Physics and Astronomyhttp://hdl.handle.net/10012/99492020-10-28T17:04:35Z2020-10-28T17:04:35ZTowards simulating 2D effects in lattice gauge theories on a quantum computerPaulson, Danielhttp://hdl.handle.net/10012/164642020-10-27T02:31:33Z2020-10-26T00:00:00ZTowards simulating 2D effects in lattice gauge theories on a quantum computer
Paulson, Daniel
Quantum Field Theories (QFTs) are the most successful theories for describing nature at its most fundamental level. Despite the fact that QFTs are capable of predicting a wide range of phenomena, obtaining solutions to QFTs in parameter regimes where perturbation theory cannot be applied remains a challenge. We propose an experimental scheme to perform quantum simulations of two-dimensional Abelian lattice gauge theories using contemporary quantum devices, paving the way to reach beyond the capabilities of classical simulations. We consider quantum electrodynamics and examine the basic building block of the two-dimensional lattice to study non-trivial magnetic field effects, which are absent in one-dimensional systems. By imposing periodic boundary conditions, we extend the scope of our work to include an infinite 2D structure. Our protocol uses a variational quantum-classical approach to relax the hardware requirements for capturing the intricate many-body interactions that naturally arise in the formulation of gauge-invariant effective field theories. Although we remain platform-independent, we also provide a detailed example of implementation on state-of-the-art trapped ion quantum devices, which can be generalized to other platforms. The techniques for simulating QFTs presented here, combined with advancements in quantum hardware, pose the potential to address longstanding questions in high energy physics.
2020-10-26T00:00:00ZExperimental and theoretical investigations of radio-frequency and optical trapping potentials for atomic ionsSajjan, Manashttp://hdl.handle.net/10012/164332020-10-09T02:31:39Z2020-10-08T00:00:00ZExperimental and theoretical investigations of radio-frequency and optical trapping potentials for atomic ions
Sajjan, Manas
Over the years, trapped ion have emerged as one of the premier candidates for universal
quantum simulation due to its long coherence time, low initialization and detection errors,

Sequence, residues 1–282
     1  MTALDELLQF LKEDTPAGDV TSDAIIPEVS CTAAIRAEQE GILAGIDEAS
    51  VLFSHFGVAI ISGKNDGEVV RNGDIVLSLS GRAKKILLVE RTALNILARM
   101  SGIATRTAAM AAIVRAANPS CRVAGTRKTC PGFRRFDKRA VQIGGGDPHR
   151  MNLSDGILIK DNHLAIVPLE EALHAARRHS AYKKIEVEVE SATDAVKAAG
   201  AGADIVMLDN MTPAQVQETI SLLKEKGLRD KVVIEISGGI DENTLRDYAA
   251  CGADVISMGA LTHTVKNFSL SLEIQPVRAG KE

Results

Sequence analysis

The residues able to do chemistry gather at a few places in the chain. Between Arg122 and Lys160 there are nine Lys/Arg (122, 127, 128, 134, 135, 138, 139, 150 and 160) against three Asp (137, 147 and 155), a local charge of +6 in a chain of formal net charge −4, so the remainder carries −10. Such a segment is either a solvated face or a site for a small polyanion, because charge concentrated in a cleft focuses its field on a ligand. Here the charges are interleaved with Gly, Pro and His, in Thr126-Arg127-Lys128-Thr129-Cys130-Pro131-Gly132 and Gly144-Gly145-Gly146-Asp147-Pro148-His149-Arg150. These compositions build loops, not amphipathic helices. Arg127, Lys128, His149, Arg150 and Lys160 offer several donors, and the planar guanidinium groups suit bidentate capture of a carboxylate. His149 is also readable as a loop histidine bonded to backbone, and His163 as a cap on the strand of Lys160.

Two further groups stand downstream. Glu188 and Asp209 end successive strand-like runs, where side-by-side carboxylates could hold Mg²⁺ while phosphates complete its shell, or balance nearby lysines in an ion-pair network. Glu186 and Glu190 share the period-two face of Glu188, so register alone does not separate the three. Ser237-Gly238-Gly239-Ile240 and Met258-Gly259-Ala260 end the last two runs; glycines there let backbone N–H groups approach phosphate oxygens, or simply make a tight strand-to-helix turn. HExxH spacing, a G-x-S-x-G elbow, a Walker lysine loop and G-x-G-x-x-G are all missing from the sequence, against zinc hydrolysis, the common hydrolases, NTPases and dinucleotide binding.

robust high-fidelity gate sets and fully connected yet tunable spin-graph. In this thesis
we exclusively focus on the generation of the trapping potential in a four-rod trap, one of
the most commonly studied ion-trapping architecture. We elaborate the fabrication of the
trapping electrodes using electro-etching techniques and explore the underlying mechanism
in details. We discuss how these electrodes are powered by DC and RF field to generate
the confining potential responsible for trapping the ions of interest in 3D. We conclude by
studying how this trapping potential can be modified by external means like using an optical
tweezer. Employing such an optical tweezer we propose a new quantum-thermodynamic
protocol which shall allow us to experimentally access the thermal properties of a mixed specie
ion chain using a single-specie ion chain. The scheme is based on Jarynski's equality
and obviates the need to trap dual-ionic species as far as illustrating the mechanical properties
of the chain are concerned. We present results ratifying the utility of the proposal.
The scheme is useful to obtain mode-specific thermal properties hitherto unexplored experimentally.
2020-10-08T00:00:00ZThe S-Matrix of Gauge and Gravity Theories and The Two-Black Hole ProblemGuevara, Alfredohttp://hdl.handle.net/10012/164212020-10-02T02:31:46Z2020-10-01T00:00:00ZThe S-Matrix of Gauge and Gravity Theories and The Two-Black Hole Problem
Guevara, Alfredo
This thesis is devoted to diverse aspects of scattering amplitudes in gauge theory and gravity including interactions with matter particles. In Part I we focus on the applications of massive scattering amplitudes in gravity to the Black Hole two-body problem. For this we construct a classical limit putting especial emphasis on the multipole expansion of certain massive amplitudes, which we will use to model spinning black holes in a large distance effective regime or particle approximation. In Part II we study scattering amplitudes in six dimensions, and construct a compact formula analogous to the four-dimensional Witten-RSV/rational maps formulation. This provides a supersymmetric extension of moduli space localization formulae such as the CHY integral. We explore the cases of Super Yang-Mills and Maximal Supergravity theories, among others.
2020-10-01T00:00:00ZQuantum Black Holes in the SkyWang, Qingwenhttp://hdl.handle.net/10012/164132020-10-01T02:32:47Z2020-09-30T00:00:00ZQuantum Black Holes in the Sky
Wang, Qingwen
Black Holes are possibly the most enigmatic objects in our Universe. From their detection in gravitational waves upon their mergers, to their snapshot eating at the centres of galaxies, black hole astrophysics has undergone an observational renaissance in the past 4 years. Nevertheless, they remain active playgrounds for strong gravity and quantum effects, where novel aspects of the elusive theory of quantum gravity may be hard at work. In this thesis, we provide an overview of the strong motivations for why ''Quantum Black Holes'' may be radically different from their classical counterparts in Einsteinâ€™s General Relativity. We then discuss the observational signatures of quantum black holes, focusing on gravitational wave echoes as smoking guns for quantum horizons (or exotic compact objects), which have led to significant recent excitement and activity. We review the theoretical underpinning of gravitational wave echoes and build up realistic templates for further data analysis. Finally, we discuss the future theoretical and observational landscape for unraveling the ''Quantum Black Holes in the Sky''.
2020-09-30T00:00:00Z